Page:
Error: Your upload path is not valid or does not exist: /home/yavapaih/public_html/wp-content/uploads Pumpkins are not just for Halloween | Yavapai Health & Wellness

October means pumpkins in the minds of many Americans and rightly so. Pumpkins are cultivars (plants selected for specific characteristics and maintained by propagation) of Cucurbita pepo, and one of many winter squash varieties that are harvested around this time.

Pumpkins are indigenous to North America—squash seeds dating back to 7,000 BC have been unearthed in Mexico. Pumpkins are closely related to other winter squash. The term generally applies to round squash with smooth, slightly ribbed skin and an orange color, however cultivars of other colors, shapes and sizes are gaining in popularity here in the United States. Pumpkins are so popular that over 1.5 billion pounds are grown in this country each year.

In Yavapai County, pumpkins and other winter squash are planted between April and July to be harvested between September and December, weather permitting. Different varieties of pumpkins are grown for ornamental use and food. The pumpkins used for jack-o-lanterns, Connecticut Field pumpkins, are typically grown for that purpose and aren’t the best for eating. The best pumpkins for eating are strains of that same cultivar, but are considered “pie pumpkins” and tend to be much smaller and meatier. Cucurbita maxima are squash grown for their immense size and can weigh upwards of one ton.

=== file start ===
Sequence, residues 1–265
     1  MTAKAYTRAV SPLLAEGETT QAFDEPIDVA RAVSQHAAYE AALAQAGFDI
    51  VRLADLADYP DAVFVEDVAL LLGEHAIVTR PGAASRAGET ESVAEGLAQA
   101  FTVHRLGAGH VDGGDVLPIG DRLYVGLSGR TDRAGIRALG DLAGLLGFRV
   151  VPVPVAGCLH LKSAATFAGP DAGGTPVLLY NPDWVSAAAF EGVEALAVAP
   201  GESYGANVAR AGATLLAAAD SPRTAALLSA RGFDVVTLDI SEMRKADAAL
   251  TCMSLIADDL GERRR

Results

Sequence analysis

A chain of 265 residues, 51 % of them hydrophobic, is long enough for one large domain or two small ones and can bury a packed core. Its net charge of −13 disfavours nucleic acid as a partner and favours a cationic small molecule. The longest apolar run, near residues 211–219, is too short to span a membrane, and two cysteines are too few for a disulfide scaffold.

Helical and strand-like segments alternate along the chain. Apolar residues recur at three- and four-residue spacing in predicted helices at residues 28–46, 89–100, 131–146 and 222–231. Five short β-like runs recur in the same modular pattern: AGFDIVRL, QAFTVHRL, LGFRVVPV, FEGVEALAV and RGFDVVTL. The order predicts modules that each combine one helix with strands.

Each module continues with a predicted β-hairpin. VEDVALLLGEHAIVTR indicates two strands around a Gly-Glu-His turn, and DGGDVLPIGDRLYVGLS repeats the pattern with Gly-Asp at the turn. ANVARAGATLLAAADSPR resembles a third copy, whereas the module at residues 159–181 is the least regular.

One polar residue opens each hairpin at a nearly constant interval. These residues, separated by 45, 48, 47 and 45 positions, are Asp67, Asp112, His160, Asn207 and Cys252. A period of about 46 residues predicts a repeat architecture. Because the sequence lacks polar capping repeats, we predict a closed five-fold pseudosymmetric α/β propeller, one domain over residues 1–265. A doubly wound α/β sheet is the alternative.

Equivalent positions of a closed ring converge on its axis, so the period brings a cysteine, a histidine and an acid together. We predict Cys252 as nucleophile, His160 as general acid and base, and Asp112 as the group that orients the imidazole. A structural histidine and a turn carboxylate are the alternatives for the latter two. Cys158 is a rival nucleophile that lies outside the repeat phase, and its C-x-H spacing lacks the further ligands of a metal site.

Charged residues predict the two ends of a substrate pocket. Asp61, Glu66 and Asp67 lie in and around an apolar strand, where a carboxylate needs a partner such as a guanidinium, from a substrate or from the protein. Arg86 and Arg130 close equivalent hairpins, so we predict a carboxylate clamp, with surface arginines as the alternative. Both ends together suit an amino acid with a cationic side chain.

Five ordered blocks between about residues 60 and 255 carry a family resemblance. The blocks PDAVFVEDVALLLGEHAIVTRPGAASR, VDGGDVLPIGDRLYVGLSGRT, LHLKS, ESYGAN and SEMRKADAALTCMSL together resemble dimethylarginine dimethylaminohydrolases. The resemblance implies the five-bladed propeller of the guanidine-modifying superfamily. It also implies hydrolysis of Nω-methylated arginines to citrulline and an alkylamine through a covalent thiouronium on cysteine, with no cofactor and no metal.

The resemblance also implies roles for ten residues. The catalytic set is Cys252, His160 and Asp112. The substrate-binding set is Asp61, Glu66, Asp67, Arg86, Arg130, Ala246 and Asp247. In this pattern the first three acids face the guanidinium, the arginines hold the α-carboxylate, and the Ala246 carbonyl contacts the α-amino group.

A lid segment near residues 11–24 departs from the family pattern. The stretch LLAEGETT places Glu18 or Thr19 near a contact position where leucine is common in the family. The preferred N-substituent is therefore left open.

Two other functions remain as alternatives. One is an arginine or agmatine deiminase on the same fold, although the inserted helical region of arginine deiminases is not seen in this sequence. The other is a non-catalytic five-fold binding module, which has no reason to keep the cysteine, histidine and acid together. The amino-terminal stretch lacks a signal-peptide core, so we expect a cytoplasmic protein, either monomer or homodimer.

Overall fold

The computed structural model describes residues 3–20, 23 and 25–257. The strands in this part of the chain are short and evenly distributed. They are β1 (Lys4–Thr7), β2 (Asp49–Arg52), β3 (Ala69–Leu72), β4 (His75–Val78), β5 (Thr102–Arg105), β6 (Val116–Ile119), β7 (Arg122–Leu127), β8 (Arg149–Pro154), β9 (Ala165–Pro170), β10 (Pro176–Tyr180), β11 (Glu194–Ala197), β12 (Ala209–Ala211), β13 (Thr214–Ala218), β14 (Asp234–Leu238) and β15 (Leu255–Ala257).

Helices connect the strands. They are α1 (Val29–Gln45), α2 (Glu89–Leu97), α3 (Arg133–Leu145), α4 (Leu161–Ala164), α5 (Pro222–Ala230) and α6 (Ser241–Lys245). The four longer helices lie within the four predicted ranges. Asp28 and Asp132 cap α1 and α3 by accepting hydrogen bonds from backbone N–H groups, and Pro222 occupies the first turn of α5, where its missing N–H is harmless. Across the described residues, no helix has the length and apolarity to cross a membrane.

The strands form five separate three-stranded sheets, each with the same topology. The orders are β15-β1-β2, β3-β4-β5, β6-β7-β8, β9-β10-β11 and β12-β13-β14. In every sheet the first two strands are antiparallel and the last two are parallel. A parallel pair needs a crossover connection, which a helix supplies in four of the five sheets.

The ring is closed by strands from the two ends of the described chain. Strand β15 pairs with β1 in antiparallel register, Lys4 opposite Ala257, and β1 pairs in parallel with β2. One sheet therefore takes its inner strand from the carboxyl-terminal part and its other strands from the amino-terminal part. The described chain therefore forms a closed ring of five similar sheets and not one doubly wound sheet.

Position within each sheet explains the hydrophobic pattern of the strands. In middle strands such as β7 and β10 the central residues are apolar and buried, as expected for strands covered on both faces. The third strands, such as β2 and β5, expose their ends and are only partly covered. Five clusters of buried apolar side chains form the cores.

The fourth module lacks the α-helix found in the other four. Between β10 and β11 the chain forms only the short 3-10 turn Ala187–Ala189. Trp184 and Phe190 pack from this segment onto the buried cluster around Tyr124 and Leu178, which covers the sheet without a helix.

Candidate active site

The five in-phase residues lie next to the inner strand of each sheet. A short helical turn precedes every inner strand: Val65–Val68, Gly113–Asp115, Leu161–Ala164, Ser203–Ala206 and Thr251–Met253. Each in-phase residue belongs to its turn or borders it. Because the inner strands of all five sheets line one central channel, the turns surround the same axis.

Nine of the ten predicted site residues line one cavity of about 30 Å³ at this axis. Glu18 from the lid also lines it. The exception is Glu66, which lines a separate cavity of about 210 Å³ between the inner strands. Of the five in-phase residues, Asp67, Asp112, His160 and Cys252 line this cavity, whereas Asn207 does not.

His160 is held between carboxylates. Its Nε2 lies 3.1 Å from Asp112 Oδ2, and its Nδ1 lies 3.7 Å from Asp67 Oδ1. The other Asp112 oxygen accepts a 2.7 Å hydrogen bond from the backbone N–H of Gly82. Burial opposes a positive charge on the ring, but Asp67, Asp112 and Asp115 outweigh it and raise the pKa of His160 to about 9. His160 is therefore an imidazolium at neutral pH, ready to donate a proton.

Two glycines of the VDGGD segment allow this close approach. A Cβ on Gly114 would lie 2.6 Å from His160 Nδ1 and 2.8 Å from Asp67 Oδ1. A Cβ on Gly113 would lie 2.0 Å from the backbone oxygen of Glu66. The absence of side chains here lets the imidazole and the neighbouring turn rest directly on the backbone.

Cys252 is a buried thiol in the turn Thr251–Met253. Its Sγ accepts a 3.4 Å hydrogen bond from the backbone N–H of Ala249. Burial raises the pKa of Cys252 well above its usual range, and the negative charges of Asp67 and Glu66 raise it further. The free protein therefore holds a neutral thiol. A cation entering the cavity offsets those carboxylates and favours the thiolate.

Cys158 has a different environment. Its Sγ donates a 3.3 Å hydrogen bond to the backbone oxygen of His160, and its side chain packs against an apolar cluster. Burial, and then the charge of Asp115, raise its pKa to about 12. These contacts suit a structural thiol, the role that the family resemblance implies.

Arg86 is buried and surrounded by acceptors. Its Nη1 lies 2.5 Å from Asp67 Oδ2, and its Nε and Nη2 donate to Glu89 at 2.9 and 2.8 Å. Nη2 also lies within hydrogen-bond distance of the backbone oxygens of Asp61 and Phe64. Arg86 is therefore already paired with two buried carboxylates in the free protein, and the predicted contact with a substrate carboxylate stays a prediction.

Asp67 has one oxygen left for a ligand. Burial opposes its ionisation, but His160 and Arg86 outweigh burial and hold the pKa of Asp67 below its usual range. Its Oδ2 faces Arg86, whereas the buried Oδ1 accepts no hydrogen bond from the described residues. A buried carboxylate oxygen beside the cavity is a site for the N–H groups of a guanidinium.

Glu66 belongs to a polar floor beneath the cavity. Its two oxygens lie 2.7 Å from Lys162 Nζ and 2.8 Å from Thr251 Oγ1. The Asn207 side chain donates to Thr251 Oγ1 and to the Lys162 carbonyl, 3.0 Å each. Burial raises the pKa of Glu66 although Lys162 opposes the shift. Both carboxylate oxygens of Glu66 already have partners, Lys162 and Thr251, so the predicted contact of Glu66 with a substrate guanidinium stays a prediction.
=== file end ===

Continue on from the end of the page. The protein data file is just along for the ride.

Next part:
Pumpkin is usually associated with desserts but can be used in a variety of savory dishes as well. In addition to pies, breads, muffins and other sweets, pumpkin is delicious in soups, roasted with other vegetables, mashed like potatoes, and as a ravioli filling. Pumpkin seeds, pepitas, are roasted and eaten as a snack or added to salads. Oil pressed from the seeds is a delicacy. The squash is an excellent source of vitamin A and a decent source of vitamin C. Pumpkin contains more potassium than a banana and is a good source of fiber. One exciting recipe to try this season: making soup right in a pumpkin. Simply cut out the top, remove seeds and placenta, place all soup ingredients inside, place the top back on and bake in the oven.

 

Submitted by

Prescott Farmers Market